The Prevalence of Stress in Teens

Sumaya Abdel-Motagaly

Grade 10, 15 yrs old


Through the course of this current health crisis, it is no surprise that the rates of mental health have been increasing. About 8 in every 10 adults have reported significant growth of stress during the pandemic. According to the American Psychological Association, the age group that sufferers from the most stress in this current period are teens.


“In general the pandemic definitely has increased stress and other mental health issues like anxiety and depression in teenagers and adults as well,” said Dr. Raisa Manejwala, a licensed clinical psychologist at Clear View Counseling Center, Annapolis Maryland. However, it’s not just the pandemic that factors into teen stress. Stress among teens has always been very common.

Youth are often faced with the pressure of academics, SAT’s, relationships, peer pressure and college admissions. As Dr. Manejwala stated, “There are just so many stressors that teenagers have to deal with that comes with just being a teenager.”


In order to combat stress, it’s important to understand it. Stress is an emotional feeling or physical straining, and there are two main types: Acute stress and Chronic stress. Acute stress lasts over a short period of time. It is a reaction to a specific event or scenario. Some examples of acute stress include an argument with a loved one, being trapped in traffic, or arriving late to an important event. On the other hand, chronic stress lasts for longer periods of time, such as weeks or in severe cases months. It results from persistent exposure to a particularly stressful situation. Some examples of chronic stress are, struggling to repay a debt, searching for a job, and the death of family and friends.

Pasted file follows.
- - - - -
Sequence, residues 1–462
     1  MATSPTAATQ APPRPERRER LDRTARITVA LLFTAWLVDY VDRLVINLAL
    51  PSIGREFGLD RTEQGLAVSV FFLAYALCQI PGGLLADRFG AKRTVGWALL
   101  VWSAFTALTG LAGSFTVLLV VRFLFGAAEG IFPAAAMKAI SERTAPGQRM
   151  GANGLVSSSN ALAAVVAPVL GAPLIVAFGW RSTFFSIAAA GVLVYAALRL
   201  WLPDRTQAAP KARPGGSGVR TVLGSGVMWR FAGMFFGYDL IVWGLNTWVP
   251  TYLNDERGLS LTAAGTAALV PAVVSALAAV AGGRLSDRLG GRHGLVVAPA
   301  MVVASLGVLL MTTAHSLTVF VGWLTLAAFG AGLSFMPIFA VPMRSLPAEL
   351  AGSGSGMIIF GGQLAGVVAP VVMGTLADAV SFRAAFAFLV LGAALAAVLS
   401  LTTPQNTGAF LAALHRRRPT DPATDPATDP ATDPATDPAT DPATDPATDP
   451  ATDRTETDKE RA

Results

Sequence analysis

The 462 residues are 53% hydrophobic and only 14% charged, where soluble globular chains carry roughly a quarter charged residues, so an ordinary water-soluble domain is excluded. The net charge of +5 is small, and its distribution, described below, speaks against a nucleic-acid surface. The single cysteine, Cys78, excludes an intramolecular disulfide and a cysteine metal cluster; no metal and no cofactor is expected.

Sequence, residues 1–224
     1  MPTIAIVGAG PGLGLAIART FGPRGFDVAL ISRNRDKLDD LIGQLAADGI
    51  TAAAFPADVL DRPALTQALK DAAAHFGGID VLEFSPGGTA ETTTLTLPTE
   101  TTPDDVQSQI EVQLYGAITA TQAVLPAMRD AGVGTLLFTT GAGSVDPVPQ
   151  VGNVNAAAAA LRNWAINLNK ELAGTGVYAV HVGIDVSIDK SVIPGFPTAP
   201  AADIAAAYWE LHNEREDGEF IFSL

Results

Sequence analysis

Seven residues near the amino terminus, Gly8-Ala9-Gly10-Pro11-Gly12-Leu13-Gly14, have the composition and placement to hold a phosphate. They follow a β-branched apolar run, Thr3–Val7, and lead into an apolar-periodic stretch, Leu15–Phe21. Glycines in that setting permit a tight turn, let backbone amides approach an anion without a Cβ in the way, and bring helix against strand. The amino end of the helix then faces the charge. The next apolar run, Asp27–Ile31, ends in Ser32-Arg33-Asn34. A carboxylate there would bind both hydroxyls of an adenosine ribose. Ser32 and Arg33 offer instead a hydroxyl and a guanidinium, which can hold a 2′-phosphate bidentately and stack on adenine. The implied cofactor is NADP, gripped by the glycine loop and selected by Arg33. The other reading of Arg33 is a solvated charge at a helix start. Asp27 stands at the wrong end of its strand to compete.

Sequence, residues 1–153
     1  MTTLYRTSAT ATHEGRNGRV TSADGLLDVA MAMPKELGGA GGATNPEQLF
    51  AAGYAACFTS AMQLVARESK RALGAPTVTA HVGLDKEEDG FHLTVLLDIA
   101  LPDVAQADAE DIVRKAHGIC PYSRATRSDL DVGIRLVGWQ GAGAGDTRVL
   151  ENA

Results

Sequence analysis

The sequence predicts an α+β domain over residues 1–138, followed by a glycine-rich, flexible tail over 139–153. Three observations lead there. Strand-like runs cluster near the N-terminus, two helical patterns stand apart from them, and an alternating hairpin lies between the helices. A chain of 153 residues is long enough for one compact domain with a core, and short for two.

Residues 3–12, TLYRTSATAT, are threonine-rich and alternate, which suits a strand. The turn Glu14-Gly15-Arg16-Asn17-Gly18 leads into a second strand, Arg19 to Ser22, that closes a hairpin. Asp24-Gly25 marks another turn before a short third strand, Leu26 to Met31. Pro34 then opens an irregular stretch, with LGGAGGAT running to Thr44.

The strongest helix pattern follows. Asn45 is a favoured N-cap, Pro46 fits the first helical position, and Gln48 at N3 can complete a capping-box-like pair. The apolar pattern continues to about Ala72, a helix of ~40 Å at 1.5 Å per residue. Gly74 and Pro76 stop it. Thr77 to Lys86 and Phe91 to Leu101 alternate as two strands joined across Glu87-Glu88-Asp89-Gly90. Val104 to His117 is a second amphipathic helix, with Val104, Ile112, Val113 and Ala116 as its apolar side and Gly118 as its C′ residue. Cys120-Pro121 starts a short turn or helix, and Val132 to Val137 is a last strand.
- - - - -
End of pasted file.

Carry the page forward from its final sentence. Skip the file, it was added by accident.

The main indicators of stress include difficulty sleeping, headaches, an increase or decrease in appetite, dizziness, and mood swings. Despite all the negative aspects of stress, slight levels have been proven to be beneficial. “If you're anxious about a test the next day, or turning in an assignment, that’s good to some degree because you are dedicated to study, motivated to complete these projects,” said Dr. Manejwala. “That's a healthy level of stress that can motivate you to complete these things.”

Nevertheless, stress can be significantly destructive if one is not aware of coping mechanisms. One of the vital stress relievers is exercise. “Play some sports, maybe kick around a soccer ball in your backyard with a friend or a parent, go biking around the neighborhood, go hiking,” said Dr. Manejwala. Another outlet includes allocating time for your hobbies and to “combat stress with things you enjoy.” If you enjoy art, spend some time sketching out your favorite scene. If you find music to be therapeutic, go jam out. If you or anyone you know is struggling with stress and finding it to be too overbearing, it’s also important to consider seeking professional help.



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